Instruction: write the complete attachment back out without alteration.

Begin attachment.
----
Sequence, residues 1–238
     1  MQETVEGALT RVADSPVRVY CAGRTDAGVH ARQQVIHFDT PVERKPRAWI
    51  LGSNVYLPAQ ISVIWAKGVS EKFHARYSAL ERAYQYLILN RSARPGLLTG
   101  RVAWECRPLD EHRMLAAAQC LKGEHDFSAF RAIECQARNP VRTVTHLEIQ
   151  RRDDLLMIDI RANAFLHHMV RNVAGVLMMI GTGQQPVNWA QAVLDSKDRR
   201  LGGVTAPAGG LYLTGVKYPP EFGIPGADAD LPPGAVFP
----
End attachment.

Sequence, residues 1–238
     1  MQETVEGALT RVADSPVRVY CAGRTDAGVH ARQQVIHFDT PVERKPRAWI
    51  LGSNVYLPAQ ISVIWAKGVS EKFHARYSAL ERAYQYLILN RSARPGLLTG
   101  RVAWECRPLD EHRMLAAAQC LKGEHDFSAF RAIECQARNP VRTVTHLEIQ
   151  RRDDLLMIDI RANAFLHHMV RNVAGVLMMI GTGQQPVNWA QAVLDSKDRR
   201  LGGVTAPAGG LYLTGVKYPP EFGIPGADAD LPPGAVFP